Intraocular Lens (IOL) Implant Surgery
Most Americans between the ages of 65 and 75 have some degree of cataracts. It is completely up to you when the cataract is bad enough to want to have it removed. Some individuals only have minor cataracts and choose to wait till they worsen before the procedure. Others choose to get their full vision back right away.
Cataract surgery is one of the most effective treatments for this condition. Over 95% of patients treated have better vision after removal of the cataract. The procedure involves a microsurgery under local anesthesia.
With cataract surgery, the cloudy lens inside your eye is removed and replaced with an artificial lens called an Intraocular Lens (IOL). It is an out-patient procedure with the whole process encompassing only a couple of hours.
There are varying types of IOL options available depending on your current vision deficiency. Your doctor will talk with you about which option might work best with your lifestyle.
Posterior Capsule Opacification (PCO)
A common experience from post-cataract surgery is the development of a secondary cataract. This complication is known as Posterior Capsule Opacification (PCO). The cause is the back of the lens capsule containing the IOL implant is now becoming cloudy and impairing vision.
This problem is also treatable with a painless and quick outpatient procedure called a YAG Laser Capsulotomy. The process consist of applying a laser cut making a clear path for light to pass through the clouded capsule.
There are various options for the type of lens you have implanted. These may include a monofocal lens which allows you to see well at a particular focal point, such as distance (but still need to wear reading glasses for up close) or near (but still need to wear glasses for distance).
Implementing a multifocal lens provides both near and far vision to minimize dependence on glasses. 93% of patients with the ReSTOR multifocal lens implants never use glasses again to see far and 81% to see near.
A toric lens is ideal for those that also require correction of astigmatisms.
Trabeculectomy is a microsurgical procedure that creates a small hole into the eye under a flap in the sclera to provide a new drainage pathway for fluid to exit the eye. Mitomycin is an anti- scarring medication used at the operation site to prevent the flap from scarring closed. Fluid from under this “trap door” flap then collects under the conjunctival tissue covering the eye. This bubble of fluid is called a “bleb” and is located at the top part of the eye under the upper lid. The fluid is then reabsorbed by surrounding blood vessels.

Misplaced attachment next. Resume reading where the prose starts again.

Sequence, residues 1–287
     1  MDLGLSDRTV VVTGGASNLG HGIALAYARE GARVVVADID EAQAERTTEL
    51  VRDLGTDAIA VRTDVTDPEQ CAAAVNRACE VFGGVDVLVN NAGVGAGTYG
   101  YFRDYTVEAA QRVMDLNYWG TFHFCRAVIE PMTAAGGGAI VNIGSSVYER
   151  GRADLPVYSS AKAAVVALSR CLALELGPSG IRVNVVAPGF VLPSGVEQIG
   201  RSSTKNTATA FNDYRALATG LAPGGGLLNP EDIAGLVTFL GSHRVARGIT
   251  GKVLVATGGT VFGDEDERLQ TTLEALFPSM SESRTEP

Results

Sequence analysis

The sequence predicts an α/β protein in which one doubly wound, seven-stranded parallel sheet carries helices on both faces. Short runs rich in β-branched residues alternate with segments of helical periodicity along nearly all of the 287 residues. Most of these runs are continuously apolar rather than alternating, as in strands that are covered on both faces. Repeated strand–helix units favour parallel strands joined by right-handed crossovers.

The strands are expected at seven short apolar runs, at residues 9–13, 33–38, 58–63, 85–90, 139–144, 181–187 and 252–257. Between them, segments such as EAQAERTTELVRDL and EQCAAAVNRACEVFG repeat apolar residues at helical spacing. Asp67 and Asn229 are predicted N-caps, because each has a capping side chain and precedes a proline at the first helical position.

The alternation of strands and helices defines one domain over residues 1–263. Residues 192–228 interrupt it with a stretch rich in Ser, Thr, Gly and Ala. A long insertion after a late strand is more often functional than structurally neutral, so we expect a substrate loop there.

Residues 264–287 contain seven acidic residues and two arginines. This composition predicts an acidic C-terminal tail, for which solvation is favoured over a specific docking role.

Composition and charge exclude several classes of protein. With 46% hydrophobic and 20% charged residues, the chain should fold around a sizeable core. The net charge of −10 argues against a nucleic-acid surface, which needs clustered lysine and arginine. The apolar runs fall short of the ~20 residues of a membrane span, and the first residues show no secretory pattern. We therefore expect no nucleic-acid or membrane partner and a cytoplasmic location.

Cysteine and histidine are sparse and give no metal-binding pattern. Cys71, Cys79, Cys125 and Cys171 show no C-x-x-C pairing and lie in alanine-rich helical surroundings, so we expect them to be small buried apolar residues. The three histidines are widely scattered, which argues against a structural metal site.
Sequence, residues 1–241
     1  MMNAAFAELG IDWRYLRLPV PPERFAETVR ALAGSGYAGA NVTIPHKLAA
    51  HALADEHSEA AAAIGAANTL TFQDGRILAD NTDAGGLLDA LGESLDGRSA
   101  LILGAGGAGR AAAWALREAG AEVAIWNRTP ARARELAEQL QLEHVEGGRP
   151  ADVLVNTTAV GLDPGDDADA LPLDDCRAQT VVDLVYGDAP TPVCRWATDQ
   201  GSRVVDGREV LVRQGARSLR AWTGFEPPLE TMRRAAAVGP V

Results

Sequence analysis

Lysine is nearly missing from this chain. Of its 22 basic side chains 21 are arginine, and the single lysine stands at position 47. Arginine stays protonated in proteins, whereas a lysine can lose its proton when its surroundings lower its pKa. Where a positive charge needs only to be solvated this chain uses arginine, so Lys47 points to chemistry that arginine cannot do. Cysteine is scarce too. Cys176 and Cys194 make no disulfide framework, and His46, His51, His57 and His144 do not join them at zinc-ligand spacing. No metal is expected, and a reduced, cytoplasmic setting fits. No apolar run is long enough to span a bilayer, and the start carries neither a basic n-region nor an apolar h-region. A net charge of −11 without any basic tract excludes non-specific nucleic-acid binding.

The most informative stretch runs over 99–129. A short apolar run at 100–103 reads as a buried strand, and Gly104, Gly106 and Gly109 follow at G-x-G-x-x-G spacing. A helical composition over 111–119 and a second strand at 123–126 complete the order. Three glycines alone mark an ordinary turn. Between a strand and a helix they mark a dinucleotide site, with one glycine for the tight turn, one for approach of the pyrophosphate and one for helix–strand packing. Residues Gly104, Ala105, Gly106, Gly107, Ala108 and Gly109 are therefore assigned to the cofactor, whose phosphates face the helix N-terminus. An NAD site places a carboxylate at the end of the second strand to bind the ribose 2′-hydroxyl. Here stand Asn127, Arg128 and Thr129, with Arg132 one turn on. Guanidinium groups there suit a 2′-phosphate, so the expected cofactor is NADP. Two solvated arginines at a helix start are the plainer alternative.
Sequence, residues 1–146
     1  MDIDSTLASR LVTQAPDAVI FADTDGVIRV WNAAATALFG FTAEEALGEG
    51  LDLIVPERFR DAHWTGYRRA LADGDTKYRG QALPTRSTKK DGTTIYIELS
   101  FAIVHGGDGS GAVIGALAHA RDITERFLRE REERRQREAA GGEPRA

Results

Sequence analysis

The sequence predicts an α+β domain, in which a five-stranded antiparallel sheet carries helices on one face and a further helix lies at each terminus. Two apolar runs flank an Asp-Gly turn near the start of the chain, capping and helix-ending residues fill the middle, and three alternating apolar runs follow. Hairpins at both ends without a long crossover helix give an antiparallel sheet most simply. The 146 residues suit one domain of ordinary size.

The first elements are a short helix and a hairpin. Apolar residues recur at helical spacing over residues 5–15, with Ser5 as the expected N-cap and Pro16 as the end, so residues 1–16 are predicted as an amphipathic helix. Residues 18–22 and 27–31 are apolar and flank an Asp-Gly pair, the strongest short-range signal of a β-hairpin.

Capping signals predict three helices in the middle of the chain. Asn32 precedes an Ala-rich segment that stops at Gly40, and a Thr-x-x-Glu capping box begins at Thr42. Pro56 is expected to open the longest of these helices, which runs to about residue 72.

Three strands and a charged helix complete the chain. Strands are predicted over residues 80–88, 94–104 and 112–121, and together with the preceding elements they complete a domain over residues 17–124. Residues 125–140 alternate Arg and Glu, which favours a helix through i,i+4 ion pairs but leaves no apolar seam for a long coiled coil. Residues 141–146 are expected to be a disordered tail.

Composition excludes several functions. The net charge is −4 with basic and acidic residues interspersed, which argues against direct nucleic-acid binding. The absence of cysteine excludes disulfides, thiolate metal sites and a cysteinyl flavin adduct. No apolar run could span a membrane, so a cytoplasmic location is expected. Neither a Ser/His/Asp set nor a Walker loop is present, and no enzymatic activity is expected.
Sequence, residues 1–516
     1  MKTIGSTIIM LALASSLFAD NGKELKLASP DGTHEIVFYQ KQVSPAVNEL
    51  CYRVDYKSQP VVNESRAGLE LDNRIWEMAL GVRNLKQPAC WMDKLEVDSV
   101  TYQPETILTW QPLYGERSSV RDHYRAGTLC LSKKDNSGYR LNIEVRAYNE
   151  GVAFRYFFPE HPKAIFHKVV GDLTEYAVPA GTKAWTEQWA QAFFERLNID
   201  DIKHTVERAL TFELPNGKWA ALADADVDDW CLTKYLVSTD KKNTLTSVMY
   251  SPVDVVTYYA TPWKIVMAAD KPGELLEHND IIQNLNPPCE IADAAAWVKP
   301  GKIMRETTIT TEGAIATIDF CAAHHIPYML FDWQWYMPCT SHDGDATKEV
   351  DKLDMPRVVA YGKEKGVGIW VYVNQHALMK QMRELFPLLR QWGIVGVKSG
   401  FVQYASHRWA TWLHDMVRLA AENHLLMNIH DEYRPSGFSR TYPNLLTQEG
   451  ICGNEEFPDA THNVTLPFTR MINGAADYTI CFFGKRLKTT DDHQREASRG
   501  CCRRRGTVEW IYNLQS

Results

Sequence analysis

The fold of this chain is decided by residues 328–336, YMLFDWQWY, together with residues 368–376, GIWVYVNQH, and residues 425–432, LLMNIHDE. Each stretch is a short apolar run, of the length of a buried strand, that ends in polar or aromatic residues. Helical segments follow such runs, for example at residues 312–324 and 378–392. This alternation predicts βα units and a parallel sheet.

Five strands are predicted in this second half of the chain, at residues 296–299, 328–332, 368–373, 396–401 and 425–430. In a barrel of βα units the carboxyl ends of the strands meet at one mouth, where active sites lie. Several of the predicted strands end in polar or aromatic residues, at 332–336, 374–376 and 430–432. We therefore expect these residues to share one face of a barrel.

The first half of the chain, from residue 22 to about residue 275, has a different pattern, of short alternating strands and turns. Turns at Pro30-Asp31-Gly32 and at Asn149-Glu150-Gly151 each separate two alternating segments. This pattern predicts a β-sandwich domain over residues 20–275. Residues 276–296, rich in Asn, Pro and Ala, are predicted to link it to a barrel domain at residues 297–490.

The Ex-press ® Mini Glaucoma Shunt surgery is performed similar to the trabeculectomy discussed above. The main difference is that it involves inserting a tiny metallic shunt in the hole between the inner and outer walls of the eye to create a new drain which bypasses the eye's damaged drainage system, allowing excess fluid to exit the eye. This fluid then forms a bleb and gets reabsorbed by the body.
Glaucoma Tube Shunt surgery involves carefully inserting a small tube into the front chamber of the eye, just in front of the iris. Fluid from inside the eye can then drain through this tube out of the eye to a reservoir which is formed by a silicone plate at the back of the implant which is affixed to the sclera. The fluid collects here and is then reabsorbed by surrounding blood vessels.
Corneal Transplant candidates experience distorted vision from damage to the corneal lens. The cornea is the clear layer on the front of your eye that helps focus light. The procedure is known as a keratoplasty and there are varying degrees of performing this surgery. This form of eye surgery is an out-patient procedure only taking a few hours of time to perform. Recovery times vary depending on the type of transplant.
A full thickness corneal transplant, or Penetrating Keratoplasty (PK), involves replacing an entire cornea due to severe damage due to bulging or scarring from previous injury.
A partial thickness corneal transplant, or Deep Anterior Lamellar Keratoplasty (DALK), is where only the damaged layers of the cornea are removed. People with keratoconus or a corneal scar that hasn't affected the inner layers are good candidates for this form of surgery.
Endothelial Keratoplasty affects half of those needing a cornea transplant where there is a problem with the endothelium, or innermost layer of the cornea. This surgery is also ideal in helping those with Fuch's Dystrophy.